In the second of our mini-series on insolvency in construction, we consider what you need to do when you find out that the party you are in contract with has become (or is about to become) insolvent.
Who are you in contract with? Which specific entity?
The first thing you should do in the event of a counterparty's alleged insolvency is check which legal entity you are in a contract with.
This is in order to prevent you from acting too early and committing a repudiatory breach yourself, if you take pre-emptive action against your counterparty.
Information is available through a variety of sources including searches of the public registers at Companies House and at the courts or credit agencies. Alternatively, if you believe an Insolvency Practitioner has been appointed, you can contact him or her for confirmation.
Does the contract terminate automatically?
You should be aware that absent a specific contractual right, insolvency is not a breach of contract under English law. You cannot therefore simply rely on a right to terminate for default or breach - express wording dealing with insolvency is required.
Standard form contracts do not generally provide for automatic termination on insolvency. Most construction contracts do however provide a right to terminate the contract upon the employer's or contractor's insolvency. You should check how widely the contract defines insolvency for these purposes as well as the procedure to be followed. It is important to check that the particular circumstances involved constitute insolvency as defined by the contract.
Getting this wrong (whether or not those specific events have occurred and/or the correct procedure to follow) could give rise to wrongful repudiation of the contract, termination rights and a claim for damages - which may, for example, include loss of profits on the overall project, or the cost of engaging others to complete the works and claiming the difference from you.
It generally pays to plan for the worst case scenario. Check whether the contract deals with insolvency and its consequences. This will include for example:
- no payment obligation following insolvency;
- no automatic termination of the main contract on insolvency (to allow flexibility and the ability to liaise with the insolvency practitioner where possible);
- early insolvency triggers to give the employer more time to consider its position;
- provisions in the main contract and subcontracts that deal with the passing of title to the employer for on and off-site materials; and
- collateral warranties / third party rights.
How does the contract define insolvency?
Every contract is different and many are likely to be subject to bespoke amendments.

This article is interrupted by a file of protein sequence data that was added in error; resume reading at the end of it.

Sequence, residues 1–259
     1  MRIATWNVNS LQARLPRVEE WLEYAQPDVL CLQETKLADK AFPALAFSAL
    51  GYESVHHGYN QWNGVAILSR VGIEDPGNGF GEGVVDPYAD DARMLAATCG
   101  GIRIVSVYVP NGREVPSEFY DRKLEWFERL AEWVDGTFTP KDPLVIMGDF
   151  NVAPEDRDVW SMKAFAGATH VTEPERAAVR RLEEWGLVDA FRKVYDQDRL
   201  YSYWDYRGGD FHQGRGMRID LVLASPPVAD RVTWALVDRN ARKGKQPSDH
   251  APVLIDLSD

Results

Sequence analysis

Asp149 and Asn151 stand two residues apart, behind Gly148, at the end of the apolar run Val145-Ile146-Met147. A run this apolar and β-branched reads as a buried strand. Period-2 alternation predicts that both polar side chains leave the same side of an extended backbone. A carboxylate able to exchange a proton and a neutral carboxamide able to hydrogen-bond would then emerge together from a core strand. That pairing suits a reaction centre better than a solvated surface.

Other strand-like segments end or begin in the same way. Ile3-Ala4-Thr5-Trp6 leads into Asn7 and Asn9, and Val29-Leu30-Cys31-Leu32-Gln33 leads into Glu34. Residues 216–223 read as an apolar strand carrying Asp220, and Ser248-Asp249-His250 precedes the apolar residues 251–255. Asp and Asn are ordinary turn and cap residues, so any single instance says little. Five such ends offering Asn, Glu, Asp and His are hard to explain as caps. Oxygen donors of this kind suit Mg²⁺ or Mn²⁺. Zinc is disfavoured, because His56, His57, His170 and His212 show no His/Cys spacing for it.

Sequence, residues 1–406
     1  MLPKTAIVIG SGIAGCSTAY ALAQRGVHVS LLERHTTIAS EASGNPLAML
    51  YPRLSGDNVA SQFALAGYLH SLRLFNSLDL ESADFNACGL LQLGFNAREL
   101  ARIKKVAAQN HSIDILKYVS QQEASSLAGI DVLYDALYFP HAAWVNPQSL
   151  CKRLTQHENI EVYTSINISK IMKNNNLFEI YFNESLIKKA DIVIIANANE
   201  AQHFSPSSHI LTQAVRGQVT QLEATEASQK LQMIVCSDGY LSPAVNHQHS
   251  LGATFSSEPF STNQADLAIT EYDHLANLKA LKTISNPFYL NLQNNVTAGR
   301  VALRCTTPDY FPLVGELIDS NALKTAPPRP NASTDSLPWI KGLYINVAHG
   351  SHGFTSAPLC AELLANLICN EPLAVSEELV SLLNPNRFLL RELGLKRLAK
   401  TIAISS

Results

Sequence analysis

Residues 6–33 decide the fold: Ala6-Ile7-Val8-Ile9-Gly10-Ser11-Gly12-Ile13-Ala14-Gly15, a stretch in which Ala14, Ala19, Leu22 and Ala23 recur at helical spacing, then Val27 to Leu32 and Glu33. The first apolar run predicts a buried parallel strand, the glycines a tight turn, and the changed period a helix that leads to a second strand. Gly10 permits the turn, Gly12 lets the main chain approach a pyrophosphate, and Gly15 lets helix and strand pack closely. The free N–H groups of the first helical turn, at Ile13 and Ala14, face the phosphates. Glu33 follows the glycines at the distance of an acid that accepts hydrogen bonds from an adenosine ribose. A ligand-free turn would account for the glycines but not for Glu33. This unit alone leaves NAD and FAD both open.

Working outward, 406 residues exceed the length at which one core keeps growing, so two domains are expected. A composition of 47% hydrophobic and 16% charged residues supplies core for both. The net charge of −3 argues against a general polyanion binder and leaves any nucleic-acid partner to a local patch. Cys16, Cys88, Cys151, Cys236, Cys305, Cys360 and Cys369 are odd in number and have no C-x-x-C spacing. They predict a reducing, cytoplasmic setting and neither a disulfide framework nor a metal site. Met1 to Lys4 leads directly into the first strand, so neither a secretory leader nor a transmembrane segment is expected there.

Ideally "Insolvency event" should be defined widely enough to catch events which occur before the formal insolvency process begins such as winding-up petitions being issued or a notice of intention to appoint administrators being filed.
As a starting point, the standard form contracts listed below define insolvency and set out the relevant procedure as follows:
Impact on subcontractors and suppliers
Check the terms of any contract with the supply chain including for example:
- any "pay when paid" clauses entitling you to withhold payments when the upstream payer has become insolvent. These are permitted by s113 of the Housing Grants, Construction and Regeneration Act (HGCRA) 1996 but narrowly construed.
- any termination provisions which may operate automatically. For example, clause 7.9 of the Joint Contracts Tribunal (JCT) Design and Build Sub-Contract Conditions 2016 provides for a scenario where the contractor's employment under the main contract is terminated. In such a scenario, the sub-contractor's employment under the subcontract shall also automatically terminate and the contractor shall immediately notify the subcontractor.
Employer Step-in Rights
If the company has provided collateral warranties, these may include step-in rights by the employer. If step-in rights are included there may be a number of additional considerations. Step-in provisions allow the employer to step into the shoes of the contractor if the contractor becomes insolvent.
The ability to step-in should be exercised with caution - you should be aware, for example, that often you will take on liability for any outstanding or unpaid amounts.
Carefully check the notice provisions in your contract so as to ensure you follow the correct procedure. You want to avoid a situation where a technical point is raised as to the validity of service.
In our next article in the series we look at the practical issues associated with insolvency.
Insolvency is a complex and specialist area of law, so if you do need advice on these or any related issues, please contact Sue Ryan or one of our Restructuring & Insolvency experts.
Other parts in the insolvency in construction series
 The Joint Contracts Tribunal Limited (JCT), Design and Build Contract, Thomson Reuters, 2016.
 The Joint Contracts Tribunal Limited (JCT), Design and Build Contract, Thomson Reuters, 2011.
 NEC3 Engineering and Construction Contract, 3rd Edition Reprinted with amendments 2013, Thomas Telford Ltd, 2013.
 NEC4 Engineering and Construction Contract, 4th Edition, Thomas Telford Ltd, 2017.
 Conditions of Contract for Plant and Design-Build: The Yellow Book, Second Edition, The International Federation of Consulting Engineers (FIDIC), 2017.
 Conditions of Contract for EPC/Turnkey Projects: The Silver Book, Second Edition, The International Federation of Consulting Engineers (FIDIC), 2017.